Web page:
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Low expression of the beta-ENaC subunit impairs lung fluid clearance in the mouse.
American Journal of Physiology. Lung Cellular and Molecular Physiology
Transepithelial alveolar sodium (Na+) transport mediated by the amiloride-sensitive epithelial sodium channel (ENaC) constitutes the driving force for removal of fluid from the alveolar space. To define the role of the beta-ENaC subunit in vivo in the mature lung, we studied a previously established mouse strain harboring a disruption of the beta-ENaC gene locus resulting in low levels of beta-ENaC mRNA expression. Real-time RT-PCR experiments confirmed that beta-ENaC mRNA levels were decreased by >90% in alveolar epithelial cells from homozygous mutant (m/m) mice. beta-ENaC protein was undetected in lung homogenates from m/m mice by Western blotting, but alpha- and gamma-ENaC proteins were increased by 83% and 45%, respectively, compared with wild-type (WT) mice. At baseline, Na+-driven alveolar fluid clearance (AFC) was significantly reduced by 32% in m/m mice. Amiloride at the concentration 1 mM inhibited AFC by 75% and 34% in WT and m/m mice, respectively, whereas a higher concentration (5 mM) induced a 75% inhibition of AFC in both groups. The beta2-agonist terbutaline significantly increased AFC in WT but not in m/m mice. These results show that despite the compensatory increase in alpha- and gamma-ENaC protein expression observed in mutant mouse lung, low expression of beta-ENaC results in a moderate impairment of baseline AFC and in decreased AFC sensitivity to amiloride, suggesting a possible change in the stoichiometry of ENaC channels. Finally, adequate beta-ENaC expression appears to be required for AFC stimulation by beta2-agonists.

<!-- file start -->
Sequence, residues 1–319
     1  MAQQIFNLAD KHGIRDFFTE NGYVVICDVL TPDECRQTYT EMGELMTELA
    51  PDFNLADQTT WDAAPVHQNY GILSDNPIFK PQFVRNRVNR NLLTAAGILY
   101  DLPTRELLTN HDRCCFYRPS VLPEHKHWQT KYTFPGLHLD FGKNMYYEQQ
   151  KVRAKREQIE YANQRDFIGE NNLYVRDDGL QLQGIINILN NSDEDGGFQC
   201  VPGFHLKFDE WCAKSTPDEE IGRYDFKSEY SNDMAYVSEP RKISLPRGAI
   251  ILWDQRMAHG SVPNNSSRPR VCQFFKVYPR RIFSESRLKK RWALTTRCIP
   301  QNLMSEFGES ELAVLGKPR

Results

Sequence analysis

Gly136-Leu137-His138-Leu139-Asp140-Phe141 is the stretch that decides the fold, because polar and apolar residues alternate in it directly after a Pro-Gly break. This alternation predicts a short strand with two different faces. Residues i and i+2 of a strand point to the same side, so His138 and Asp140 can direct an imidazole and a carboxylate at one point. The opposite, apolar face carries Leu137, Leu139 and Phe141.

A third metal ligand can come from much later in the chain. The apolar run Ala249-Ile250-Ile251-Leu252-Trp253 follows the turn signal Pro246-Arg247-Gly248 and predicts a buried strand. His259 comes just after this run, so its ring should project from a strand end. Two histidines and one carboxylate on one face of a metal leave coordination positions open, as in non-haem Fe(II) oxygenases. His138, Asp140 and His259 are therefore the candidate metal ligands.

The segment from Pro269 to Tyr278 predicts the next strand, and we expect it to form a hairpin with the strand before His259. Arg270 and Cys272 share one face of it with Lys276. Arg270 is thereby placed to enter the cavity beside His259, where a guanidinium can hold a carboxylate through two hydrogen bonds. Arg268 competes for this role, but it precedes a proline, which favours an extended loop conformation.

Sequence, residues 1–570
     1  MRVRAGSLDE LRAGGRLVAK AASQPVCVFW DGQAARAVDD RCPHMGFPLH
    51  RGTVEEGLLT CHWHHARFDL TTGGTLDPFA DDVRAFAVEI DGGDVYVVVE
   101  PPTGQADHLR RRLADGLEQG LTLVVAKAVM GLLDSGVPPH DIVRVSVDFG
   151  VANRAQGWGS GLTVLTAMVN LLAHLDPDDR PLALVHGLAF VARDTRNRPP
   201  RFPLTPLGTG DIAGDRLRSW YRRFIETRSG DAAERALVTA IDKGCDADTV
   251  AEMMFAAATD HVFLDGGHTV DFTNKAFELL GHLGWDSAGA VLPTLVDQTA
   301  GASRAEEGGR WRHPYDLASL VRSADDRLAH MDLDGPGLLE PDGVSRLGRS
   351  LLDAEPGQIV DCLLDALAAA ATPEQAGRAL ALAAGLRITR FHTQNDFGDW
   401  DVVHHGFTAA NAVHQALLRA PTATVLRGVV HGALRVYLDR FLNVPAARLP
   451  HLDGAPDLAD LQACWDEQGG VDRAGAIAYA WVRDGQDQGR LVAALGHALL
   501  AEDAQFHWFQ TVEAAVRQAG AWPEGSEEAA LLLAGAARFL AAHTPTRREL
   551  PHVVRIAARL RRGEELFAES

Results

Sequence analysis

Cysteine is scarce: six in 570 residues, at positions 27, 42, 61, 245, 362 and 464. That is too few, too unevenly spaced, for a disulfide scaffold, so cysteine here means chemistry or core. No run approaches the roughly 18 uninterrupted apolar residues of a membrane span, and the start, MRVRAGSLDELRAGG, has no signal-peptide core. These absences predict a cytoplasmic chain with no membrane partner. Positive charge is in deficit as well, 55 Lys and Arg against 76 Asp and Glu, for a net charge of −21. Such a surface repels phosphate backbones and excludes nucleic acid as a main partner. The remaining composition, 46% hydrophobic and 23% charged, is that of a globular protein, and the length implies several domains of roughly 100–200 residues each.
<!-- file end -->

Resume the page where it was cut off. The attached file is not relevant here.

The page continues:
Animals, Epithelial Sodium Channel, Extravascular Lung Water, Gene Expression, Mice, Mice, Transgenic, Mutation, Protein Subunits, Pulmonary Alveoli, RNA, Messenger, Terbutaline
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